The Guardian of Every Other Right provides a comprehensive survey of the pivotal relationship between property rights and the Constitution, examining the role of property ownership from the colonial era to current controversies over land use. The text emphasizes the interplay of law, ideology, politics, and economic change in shaping ...
The Guardian of Every Other Right provides a comprehensive survey of the pivotal relationship between property rights and the Constitution, examining the role of property ownership from the colonial era to current controversies over land use. The text emphasizes the interplay of law, ideology, politics, and economic change in shaping constitutional thought, and provides a historical perspective on the contemporary debate about property rights. Ely examines such issues as the link between private property and political liberty, the extent to which the government may interfere with private contracts, and the manner in which discourse about private property changed as American society became industrialized. Now in its second edition, The Guardian of Every Other Right has been revised to take into account the heightened interest in the constitutional rights of property owners since the first edition appeared in 1991. It focuses on the major legal developments in the field of property rights and offers a full treatment of important judicial decisions and notable legislation during the 1990s. Particular attention is paid to the Supreme Court decisions which have enlarged the protection afforded property owners under the fifth amendment. It also examines the reach of federal authority under the commerce clause and the important innovations at the state level. Covering the entire history of property rights, the revised edition of The Guardian of Every Other Right fills an important gap in the literature of constitutional history and is an ideal text for legal and constitutional history courses.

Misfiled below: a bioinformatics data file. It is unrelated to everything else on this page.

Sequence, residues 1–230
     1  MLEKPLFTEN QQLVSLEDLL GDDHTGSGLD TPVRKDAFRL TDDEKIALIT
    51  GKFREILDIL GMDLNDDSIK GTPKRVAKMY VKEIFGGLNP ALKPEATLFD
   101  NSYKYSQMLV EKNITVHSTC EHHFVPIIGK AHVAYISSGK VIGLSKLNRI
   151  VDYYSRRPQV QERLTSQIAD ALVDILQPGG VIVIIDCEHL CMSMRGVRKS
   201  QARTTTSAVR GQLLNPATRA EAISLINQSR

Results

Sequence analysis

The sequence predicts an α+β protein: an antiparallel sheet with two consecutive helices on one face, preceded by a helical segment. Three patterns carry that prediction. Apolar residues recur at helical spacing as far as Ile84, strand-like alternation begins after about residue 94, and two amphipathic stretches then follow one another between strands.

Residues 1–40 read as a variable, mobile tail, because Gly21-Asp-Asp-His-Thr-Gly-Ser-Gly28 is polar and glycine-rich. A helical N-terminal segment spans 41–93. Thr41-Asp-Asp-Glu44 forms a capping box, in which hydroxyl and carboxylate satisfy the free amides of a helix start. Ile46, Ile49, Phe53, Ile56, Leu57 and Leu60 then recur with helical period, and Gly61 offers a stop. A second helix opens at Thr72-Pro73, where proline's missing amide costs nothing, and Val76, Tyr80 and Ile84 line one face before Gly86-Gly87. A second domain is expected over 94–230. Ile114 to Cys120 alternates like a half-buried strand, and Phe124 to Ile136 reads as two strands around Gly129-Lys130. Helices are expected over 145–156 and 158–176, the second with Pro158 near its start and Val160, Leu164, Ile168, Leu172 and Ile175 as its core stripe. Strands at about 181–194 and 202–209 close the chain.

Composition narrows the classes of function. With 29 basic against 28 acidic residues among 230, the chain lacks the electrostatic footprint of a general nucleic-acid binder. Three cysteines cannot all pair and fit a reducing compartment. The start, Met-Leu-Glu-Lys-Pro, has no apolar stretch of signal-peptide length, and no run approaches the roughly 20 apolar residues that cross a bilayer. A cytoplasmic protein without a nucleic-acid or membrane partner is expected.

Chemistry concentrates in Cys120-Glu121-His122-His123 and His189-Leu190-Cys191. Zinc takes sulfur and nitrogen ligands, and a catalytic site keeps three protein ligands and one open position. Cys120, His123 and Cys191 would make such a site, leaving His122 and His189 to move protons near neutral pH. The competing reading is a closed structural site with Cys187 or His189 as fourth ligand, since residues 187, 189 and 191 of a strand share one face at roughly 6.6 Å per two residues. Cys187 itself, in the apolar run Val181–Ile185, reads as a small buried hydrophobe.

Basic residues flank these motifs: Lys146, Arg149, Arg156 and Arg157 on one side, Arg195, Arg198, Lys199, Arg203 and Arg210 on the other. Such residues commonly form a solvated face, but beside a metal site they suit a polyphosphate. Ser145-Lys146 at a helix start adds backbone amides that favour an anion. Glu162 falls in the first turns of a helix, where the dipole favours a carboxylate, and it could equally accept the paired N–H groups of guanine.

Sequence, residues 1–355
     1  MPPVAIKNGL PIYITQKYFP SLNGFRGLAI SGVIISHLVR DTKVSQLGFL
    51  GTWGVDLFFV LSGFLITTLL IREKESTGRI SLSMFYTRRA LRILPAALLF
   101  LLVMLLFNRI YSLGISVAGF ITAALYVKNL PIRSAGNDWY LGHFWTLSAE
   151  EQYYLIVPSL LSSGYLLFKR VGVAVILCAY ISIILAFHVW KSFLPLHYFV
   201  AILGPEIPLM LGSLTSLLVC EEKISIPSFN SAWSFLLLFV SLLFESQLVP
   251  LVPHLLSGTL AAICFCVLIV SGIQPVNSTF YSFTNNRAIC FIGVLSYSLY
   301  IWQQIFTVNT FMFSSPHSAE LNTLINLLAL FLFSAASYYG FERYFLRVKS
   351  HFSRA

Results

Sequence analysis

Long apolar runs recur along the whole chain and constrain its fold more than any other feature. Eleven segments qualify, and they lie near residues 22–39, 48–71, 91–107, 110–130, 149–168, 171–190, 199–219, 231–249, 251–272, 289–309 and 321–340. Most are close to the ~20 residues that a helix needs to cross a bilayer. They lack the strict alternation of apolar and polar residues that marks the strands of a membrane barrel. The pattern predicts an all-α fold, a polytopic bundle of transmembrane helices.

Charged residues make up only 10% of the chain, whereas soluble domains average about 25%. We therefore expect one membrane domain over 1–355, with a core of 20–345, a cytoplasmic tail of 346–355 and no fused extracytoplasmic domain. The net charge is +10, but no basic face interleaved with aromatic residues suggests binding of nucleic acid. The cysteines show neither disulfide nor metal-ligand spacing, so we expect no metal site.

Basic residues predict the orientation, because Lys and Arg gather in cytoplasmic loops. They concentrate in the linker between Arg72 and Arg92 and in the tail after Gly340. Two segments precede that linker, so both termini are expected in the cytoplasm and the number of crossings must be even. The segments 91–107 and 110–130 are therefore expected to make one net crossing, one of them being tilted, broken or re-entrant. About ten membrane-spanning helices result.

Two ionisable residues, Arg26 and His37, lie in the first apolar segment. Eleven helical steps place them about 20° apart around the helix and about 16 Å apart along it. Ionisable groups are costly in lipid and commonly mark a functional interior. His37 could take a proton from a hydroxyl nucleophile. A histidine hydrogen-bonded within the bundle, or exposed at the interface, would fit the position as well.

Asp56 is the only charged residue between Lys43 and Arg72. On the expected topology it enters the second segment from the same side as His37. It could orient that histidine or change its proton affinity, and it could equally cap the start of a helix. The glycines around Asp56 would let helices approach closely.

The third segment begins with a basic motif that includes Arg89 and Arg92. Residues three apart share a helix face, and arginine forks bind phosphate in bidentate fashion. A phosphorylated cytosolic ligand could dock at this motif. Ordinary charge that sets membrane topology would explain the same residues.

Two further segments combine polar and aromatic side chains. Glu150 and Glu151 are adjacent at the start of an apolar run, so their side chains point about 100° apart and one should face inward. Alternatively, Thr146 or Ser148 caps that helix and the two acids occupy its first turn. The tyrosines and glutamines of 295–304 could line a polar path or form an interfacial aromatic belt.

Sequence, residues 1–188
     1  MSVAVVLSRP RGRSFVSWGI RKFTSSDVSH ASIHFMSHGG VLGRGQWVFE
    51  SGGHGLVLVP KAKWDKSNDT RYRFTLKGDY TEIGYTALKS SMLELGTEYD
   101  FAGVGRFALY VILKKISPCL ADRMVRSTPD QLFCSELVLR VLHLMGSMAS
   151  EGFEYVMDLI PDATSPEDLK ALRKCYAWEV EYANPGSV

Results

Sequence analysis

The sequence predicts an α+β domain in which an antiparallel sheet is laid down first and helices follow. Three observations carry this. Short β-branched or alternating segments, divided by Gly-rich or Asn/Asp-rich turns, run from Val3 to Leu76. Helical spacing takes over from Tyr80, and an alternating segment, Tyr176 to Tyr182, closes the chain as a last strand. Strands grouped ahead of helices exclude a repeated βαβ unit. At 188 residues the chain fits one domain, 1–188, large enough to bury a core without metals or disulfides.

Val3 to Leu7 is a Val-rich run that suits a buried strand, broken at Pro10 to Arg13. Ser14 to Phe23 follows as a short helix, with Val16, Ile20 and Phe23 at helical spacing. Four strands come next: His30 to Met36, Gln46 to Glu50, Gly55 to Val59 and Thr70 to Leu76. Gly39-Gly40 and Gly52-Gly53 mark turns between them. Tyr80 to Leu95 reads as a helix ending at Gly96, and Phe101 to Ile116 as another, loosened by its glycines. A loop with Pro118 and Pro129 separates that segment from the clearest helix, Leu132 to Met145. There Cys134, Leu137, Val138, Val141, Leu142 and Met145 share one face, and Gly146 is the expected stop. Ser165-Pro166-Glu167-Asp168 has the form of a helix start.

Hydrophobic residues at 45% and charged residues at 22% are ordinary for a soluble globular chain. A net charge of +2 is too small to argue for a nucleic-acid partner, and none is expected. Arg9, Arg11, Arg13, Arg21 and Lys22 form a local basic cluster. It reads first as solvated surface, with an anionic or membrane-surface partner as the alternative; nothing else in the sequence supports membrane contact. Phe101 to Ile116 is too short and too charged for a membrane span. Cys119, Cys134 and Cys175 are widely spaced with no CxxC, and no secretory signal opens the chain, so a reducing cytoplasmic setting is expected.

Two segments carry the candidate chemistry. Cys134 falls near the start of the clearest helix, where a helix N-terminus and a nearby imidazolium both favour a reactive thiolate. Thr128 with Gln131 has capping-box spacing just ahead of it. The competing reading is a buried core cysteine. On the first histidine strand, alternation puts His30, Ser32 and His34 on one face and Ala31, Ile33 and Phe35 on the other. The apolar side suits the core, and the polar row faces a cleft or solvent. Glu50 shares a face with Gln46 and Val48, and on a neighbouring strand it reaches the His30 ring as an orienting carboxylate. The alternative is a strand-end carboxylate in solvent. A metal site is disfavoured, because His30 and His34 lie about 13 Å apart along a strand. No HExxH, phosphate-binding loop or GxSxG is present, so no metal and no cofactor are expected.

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I got this book because of the recent flap about imminent domain. I had the mistaken impression that the taking of private property and giving it to other private parties was a recent development. This book cleared that up very nicely. The Federal and State governments have been taking private property and giving it to other private citizens since the Republic began. An example of an early taking that was labeled as "public use" was the allowing of grain mills to build dams for power and flood your land without any reimbursement, for the good of the community. Voltaire wrote, in Candide, "private misfortunes are public benefits, so that the more private misfortunes there are the greater is the general good." Governments stealing from there citizens for "the general good" is nothing new.
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